Start at the composite root(s) and work down the object tree and change one class after the other to use proper DI. Once you reached all leafs start to refactor all the services that do not depend on other services and work to their leafs using the same approach. Afterwards, continue with the services that depend only on services that have already been refactored and repeat until all services are refactored. All these steps can be done one after the other so that the code continously gets improved while new features can still be added at the same time. In the mean time ServiceLocation is acceptable, as long as the focus is to get it right as soon as possible.

Pseudo code example:

Foo{ ServiceLocator.Get<Service1>(), new Bar() }
Bar{ ServiceLocator.Get<IService1>(), ServiceLocator.Get<IService2>(), new Baz() }
Baz{ ServiceLocator.Get<IService3>() }
Service1 { ServiceLocator.Get<Service3>() }
Service2 { ServiceLocator.Get<Service3>() }
Service3 { new SomeClass()}

Step 1 - Change Root (Foo)

Foo{ ctor(IService1, IBar) }
Bar{ ServiceLocator.Get<IService1>(), ServiceLocator.Get<IService2>(), new Baz() }
Baz{ ServiceLocator.Get<IService3>() }
Service1 { ServiceLocator.Get<IService2>() }
Service2 { ServiceLocator.Get<IService3>() }
Service3 { new SomeClass()}

Bind<IBar>().To<Bar>();
Bind<IService1>().ToMethod(ctx => ServiceLocator.Get<IService1>());

Step 2 - Change dependencies of root

Foo{ ctor(IService1, IBar) }
Bar{ ctor(IService1, IService2, IBaz) }
Baz{ ServiceLocator.Get<IService3>() }
Service1 { ServiceLocator.Get<Service2>() }
Service2 { ServiceLocator.Get<Service3>() }
Service3 { new SomeClass()}

Bind<IBar>().To<Bar>();
Bind<IBaz>().To<Baz>();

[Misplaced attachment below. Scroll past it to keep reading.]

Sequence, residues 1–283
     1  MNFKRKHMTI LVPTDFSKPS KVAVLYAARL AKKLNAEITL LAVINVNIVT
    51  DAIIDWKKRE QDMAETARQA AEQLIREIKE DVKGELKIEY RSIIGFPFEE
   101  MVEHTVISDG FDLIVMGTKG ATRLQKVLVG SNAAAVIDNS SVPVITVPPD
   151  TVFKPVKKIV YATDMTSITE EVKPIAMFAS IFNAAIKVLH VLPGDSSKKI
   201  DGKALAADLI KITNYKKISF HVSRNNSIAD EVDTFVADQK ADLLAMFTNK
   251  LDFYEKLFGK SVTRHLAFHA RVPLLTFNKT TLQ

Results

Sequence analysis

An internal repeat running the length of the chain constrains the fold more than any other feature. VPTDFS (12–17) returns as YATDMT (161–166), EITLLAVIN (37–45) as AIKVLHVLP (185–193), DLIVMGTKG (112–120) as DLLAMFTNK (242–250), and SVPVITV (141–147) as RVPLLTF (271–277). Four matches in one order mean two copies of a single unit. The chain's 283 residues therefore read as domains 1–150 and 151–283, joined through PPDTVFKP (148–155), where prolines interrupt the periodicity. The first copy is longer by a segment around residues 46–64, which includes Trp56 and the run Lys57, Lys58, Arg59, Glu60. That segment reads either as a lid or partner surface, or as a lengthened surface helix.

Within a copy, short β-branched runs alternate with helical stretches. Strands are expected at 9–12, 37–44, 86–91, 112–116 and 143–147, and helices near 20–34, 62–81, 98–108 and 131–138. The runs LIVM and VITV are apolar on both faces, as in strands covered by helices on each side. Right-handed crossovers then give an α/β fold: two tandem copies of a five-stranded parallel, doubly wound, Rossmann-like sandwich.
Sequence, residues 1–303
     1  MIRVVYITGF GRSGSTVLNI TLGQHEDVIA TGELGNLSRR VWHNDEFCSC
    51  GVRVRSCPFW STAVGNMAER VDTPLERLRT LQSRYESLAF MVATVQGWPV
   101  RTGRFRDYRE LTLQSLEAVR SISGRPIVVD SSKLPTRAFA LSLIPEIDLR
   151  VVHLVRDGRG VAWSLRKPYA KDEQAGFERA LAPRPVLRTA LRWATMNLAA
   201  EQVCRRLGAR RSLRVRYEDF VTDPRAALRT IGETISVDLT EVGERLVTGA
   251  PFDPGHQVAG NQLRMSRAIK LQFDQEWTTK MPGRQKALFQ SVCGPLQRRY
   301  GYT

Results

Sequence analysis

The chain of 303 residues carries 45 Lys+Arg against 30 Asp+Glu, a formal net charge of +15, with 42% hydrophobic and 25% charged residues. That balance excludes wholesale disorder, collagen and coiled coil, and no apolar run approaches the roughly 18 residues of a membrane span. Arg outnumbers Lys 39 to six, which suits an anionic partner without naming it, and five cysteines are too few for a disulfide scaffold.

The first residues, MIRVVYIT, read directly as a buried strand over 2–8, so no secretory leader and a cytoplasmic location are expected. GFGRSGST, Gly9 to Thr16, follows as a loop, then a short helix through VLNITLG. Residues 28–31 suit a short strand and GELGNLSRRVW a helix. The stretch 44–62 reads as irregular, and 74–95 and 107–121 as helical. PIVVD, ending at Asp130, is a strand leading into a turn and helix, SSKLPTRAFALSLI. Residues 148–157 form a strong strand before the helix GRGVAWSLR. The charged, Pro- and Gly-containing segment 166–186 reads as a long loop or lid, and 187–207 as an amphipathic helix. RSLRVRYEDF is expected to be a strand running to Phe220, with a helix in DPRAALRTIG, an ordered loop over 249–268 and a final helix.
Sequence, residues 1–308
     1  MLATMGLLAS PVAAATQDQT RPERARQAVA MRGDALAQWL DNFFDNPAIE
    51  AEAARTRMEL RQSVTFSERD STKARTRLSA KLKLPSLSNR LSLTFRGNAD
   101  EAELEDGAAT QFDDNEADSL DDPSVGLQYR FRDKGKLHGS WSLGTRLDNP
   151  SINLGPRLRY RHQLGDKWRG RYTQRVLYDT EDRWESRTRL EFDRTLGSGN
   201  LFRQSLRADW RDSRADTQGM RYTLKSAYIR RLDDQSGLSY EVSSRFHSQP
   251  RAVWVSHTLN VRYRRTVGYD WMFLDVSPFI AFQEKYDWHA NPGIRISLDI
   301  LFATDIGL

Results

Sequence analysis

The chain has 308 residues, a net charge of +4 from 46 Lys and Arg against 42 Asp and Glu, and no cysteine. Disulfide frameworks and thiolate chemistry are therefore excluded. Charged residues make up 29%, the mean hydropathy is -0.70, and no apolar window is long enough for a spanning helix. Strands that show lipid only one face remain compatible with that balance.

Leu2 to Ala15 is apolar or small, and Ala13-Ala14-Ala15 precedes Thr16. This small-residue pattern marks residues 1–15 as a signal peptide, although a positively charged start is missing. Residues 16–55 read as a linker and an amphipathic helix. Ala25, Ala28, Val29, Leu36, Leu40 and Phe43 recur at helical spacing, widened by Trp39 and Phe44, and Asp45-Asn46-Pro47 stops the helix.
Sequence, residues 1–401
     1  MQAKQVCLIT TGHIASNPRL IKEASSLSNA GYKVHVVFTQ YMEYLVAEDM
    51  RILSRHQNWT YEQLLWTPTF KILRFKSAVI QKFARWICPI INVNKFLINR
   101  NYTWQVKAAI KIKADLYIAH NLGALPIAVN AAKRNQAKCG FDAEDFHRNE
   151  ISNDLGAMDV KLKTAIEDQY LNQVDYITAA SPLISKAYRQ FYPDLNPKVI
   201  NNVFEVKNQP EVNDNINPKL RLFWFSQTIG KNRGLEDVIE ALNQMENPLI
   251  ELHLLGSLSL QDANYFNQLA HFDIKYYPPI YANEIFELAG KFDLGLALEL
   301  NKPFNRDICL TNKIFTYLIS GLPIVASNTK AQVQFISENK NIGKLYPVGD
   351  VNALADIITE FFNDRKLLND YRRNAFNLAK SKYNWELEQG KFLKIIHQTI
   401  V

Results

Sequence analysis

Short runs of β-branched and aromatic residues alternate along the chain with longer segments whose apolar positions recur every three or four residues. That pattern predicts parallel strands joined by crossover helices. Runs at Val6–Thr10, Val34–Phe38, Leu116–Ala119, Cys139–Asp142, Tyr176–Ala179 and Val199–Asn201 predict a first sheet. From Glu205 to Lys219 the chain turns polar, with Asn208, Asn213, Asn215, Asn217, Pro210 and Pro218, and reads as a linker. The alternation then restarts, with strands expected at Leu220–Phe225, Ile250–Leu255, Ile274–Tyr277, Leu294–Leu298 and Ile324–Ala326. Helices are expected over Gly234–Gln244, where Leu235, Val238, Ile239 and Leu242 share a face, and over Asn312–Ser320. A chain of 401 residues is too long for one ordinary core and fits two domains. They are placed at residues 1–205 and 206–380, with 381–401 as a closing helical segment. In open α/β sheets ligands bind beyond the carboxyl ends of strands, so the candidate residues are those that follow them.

Bind<IService1>().ToMethod(ctx => ServiceLocator.Get<IService1>());
Bind<IService2>().ToMethod(ctx => ServiceLocator.Get<IService2>());

Step 3 - Change their dependencies and continue until you are at the leafs

Foo{ ctor(IService1, IBar) }
Bar{ ctor(IService1, IService2, IBaz) }
Baz{ ctor(IService3) }
Service1 { ServiceLocator.Get<Service2>() }
Service2 { ServiceLocator.Get<Service3>() }
Service3 { new SomeClass() }

Bind<IBar>().To<Bar>();
Bind<IBaz>().To<Baz>();
Bind<IService1>().ToMethod(ctx => ServiceLocator.Get<IService1>());
Bind<IService2>().ToMethod(ctx => ServiceLocator.Get<IService2>());
Bind<IService3>().ToMethod(ctx => ServiceLocator.Get<IService3>());

Step 4 - Refactor the services that do not depend on other ones

Foo{ ctor(IService1, IBar) }
Bar{ ctor(IService1, IService2, IBaz) }
Baz{ ctor(IService3) }
Service1 { ServiceLocator.Get<Service2>() }
Service2 { ServiceLocator.Get<Service3>() }
Service3 { ctor(ISomeClass) }

Bind<IBar>().To<Bar>();
Bind<IBaz>().To<Baz>();
Bind<ISomeClass>().To<SomeClass>();
Bind<IService1>().ToMethod(ctx => ServiceLocator.Get<IService1>());
Bind<IService2>().ToMethod(ctx => ServiceLocator.Get<IService2>());
Bind<IService3>().To<Service3>().InSingletonScope();

Step 5 - Next refactor those that depend on services that have only refactored services as dependency.

Foo{ ctor(IService1, IBar) }
Bar{ ctor(IService1, IService2, IBaz) }
Baz{ ctor(IService3) }
Service1 { ServiceLocator.Get<Service2>() }
Service2 { ctor(IService3) }
Service3 { ctor(ISomeClass) }

Bind<IBar>().To<Bar>();
Bind<IBaz>().To<Baz>();
Bind<ISomeClass>().To<SomeClass>();
Bind<IService1>().ToMethod(ctx => ServiceLocator.Get<IService1>());
Bind<IService2>().To<Service2>().InSingletonScope();
Bind<IService3>().To<Service3>().InSingletonScope();

Step 6 - Repeat until every service is refactored.

Foo{ ctor(IService1, IBar) }
Bar{ ctor(IService1, IService2, IBaz) }
Baz{ ctor(IService3) }
Service1 { ctor(IService2) }
Service2 { ctor(IService3) }
Service3 { ctor(ISomeClass) }

Bind<IBar>().To<Bar>();
Bind<IBaz>().To<Baz>();
Bind<ISomeClass>().To<SomeClass>();
Bind<IService1>().To<Service1>().InSingletonScope();
Bind<IService2>().To<Service2>().InSingletonScope();
Bind<IService3>().To<Service3>().InSingletonScope();

Probably you want to switch to a convention based container configuration together with the refactoring. In this case I'd add an attribute to all refactored classes to mark them and remove it again after all the refactoring is done. In the conventions you can use this attribute to filter for all the refactored classes.

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Thanks, actually this is not far from what we have going on. We changed our service locator a while ago to internally use a factory (which has an interface) that in turn contained the kernel, which helped in some testing scenarios because we could swap in different mocks. It would be only a little working directly with that factory rather than the static service locator calls. –  ryber Jul 5 '11 at 19:30